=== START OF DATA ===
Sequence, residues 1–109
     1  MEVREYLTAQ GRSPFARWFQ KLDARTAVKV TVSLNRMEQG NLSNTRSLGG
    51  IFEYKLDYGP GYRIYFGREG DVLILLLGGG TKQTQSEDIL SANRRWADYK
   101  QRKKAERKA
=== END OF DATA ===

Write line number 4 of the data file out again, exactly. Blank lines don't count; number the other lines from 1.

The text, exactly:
   101  QRKKAERKA